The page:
"The caliph was much pleased with my account. 'The wisdom of that king,' said he, 'appears in his letter, and after what you tell me, I must confess, that his wisdom is worthy of his people, and his people deserve so wise a prince.' Having spoken thus, he dismissed me, and sent me home with a rich present."
The genie obeyed as faithfully and exactly as the day before; the grand vizier's son passed the night as coldly and disagreeably, and the princess had the same alarm and mortification. The genie, according to orders, came the next morning, and returned the new-married couple again to the palace.
"As soon as I entered the cavern I lost all light, and the stream carried me I knew not whither. Thus I floated some days in perfect darkness, and once found the arch so low, that it very nearly touched my head, which made me cautious afterward to avoid the like danger. All this while I ate nothing but what was just necessary to support nature; yet, notwithstanding my frugality, all my provisions were spent. Then a pleasing stupor seized upon me. I cannot tell how long it continued; but when I revived, I was surprised to find myself in an extensive plain on the brink of a river, where my raft was tied, amidst a great number of negroes. I got up as soon as I saw them, and saluted them. They spoke to me, but I did not understand their language. I was so transported with joy, that I knew not whether I was asleep or awake; but being persuaded that I was not asleep, I recited aloud the following words in Arabic: 'Call upon the Almighty, He will help thee; thou needest not perplex thyself about anything else: shut thy eyes, and while thou art asleep, God will change thy bad fortune into good.'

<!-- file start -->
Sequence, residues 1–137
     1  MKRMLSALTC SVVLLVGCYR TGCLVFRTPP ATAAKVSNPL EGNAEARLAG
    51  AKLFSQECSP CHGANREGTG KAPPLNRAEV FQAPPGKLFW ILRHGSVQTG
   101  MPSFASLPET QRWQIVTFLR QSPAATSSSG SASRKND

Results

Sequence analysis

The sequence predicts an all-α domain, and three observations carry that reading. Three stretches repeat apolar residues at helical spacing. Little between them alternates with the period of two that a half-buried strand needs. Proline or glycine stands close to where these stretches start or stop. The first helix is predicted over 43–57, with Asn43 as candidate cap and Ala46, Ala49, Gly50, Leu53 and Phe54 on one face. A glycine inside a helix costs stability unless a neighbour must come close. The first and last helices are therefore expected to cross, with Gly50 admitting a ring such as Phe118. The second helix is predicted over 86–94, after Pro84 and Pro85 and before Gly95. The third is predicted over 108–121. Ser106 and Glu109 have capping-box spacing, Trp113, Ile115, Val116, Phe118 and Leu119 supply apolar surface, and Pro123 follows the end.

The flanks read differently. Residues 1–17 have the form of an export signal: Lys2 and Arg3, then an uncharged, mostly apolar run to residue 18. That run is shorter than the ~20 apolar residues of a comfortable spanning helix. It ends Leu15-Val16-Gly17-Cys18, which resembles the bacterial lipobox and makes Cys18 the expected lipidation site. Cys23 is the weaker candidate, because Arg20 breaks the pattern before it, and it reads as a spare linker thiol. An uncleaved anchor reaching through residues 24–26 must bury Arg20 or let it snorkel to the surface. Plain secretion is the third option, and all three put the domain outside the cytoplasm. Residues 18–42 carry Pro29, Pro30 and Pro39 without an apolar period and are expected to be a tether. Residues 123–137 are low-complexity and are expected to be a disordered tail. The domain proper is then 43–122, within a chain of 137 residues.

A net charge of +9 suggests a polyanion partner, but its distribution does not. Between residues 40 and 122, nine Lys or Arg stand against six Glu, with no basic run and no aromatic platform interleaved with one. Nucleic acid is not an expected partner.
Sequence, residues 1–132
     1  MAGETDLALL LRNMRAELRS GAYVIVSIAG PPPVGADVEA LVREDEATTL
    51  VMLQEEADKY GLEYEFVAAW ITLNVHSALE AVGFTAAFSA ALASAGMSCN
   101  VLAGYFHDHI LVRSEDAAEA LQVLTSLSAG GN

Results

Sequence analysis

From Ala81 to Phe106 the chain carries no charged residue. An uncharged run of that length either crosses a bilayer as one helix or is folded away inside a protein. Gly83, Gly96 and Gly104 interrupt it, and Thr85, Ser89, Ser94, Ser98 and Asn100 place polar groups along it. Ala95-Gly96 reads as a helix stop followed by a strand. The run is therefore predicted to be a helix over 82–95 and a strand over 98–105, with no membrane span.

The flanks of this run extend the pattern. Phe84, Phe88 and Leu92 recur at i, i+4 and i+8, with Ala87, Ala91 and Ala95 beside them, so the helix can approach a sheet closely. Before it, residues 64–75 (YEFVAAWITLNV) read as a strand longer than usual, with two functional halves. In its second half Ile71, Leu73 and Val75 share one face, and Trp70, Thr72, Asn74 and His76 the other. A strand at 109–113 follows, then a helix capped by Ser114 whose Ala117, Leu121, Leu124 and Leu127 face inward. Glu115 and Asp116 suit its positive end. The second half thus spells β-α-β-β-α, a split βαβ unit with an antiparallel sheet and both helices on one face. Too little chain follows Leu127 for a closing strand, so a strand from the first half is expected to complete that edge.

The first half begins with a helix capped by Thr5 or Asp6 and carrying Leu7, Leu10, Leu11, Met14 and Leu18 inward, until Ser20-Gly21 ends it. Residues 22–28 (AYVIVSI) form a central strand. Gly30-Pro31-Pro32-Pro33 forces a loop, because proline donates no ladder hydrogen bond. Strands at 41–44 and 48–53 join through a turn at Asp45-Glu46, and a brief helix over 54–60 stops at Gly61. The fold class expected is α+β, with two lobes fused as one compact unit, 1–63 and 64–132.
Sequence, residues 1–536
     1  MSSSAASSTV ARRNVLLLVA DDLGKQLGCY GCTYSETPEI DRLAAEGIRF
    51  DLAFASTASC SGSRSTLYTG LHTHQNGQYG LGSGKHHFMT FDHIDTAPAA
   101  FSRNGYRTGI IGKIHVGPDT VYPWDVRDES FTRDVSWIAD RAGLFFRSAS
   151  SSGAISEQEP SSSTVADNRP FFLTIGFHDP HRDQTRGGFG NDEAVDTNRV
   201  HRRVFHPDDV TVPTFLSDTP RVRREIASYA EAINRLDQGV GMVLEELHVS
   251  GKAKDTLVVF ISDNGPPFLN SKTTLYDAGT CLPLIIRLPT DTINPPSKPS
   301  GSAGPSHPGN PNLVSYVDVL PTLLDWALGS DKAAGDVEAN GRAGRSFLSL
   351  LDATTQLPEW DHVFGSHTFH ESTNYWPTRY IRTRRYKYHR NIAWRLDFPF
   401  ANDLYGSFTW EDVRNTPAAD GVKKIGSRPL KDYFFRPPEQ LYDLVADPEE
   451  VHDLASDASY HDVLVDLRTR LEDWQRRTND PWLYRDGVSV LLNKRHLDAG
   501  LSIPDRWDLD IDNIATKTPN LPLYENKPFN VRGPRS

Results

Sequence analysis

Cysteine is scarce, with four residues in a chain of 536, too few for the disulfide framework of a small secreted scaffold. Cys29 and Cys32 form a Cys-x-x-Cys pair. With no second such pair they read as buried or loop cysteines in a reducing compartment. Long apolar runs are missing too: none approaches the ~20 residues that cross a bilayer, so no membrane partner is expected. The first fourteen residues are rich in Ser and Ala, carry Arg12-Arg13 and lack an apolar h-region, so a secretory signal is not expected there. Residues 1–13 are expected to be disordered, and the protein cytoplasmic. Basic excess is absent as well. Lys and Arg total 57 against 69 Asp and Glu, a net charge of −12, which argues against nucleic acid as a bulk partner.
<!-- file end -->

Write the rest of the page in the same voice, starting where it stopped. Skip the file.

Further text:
"You long without doubt to know," said he, "how, after having been shipwrecked five times, and escaped so many dangers, I could resolve again to tempt fortune, and expose myself to new hardships. I am, myself, astonished at my conduct when I reflect upon it, and must certainly have been actuated by my destiny. But be that as it may, after a year's rest I prepared for a sixth voyage, notwithstanding the entreaties of my kindred, who did all in their power to dissuade me.
The princes went home, but neglected to speak of their adventure in meeting the emperor and hunting with him, and also of the honour he had done them, yet did not the next morning fail to meet him at the place appointed. "Well," said the emperor, "have you spoken to your sister, and has she consented to the pleasure I expect of seeing you?" The two princes looked at each other and blushed. "Sir," said Prince Bahman, "we beg your majesty to excuse us, for both my brother and I forgot." "Then remember to-day," replied the emperor, "and be sure to bring me an answer to-morrow."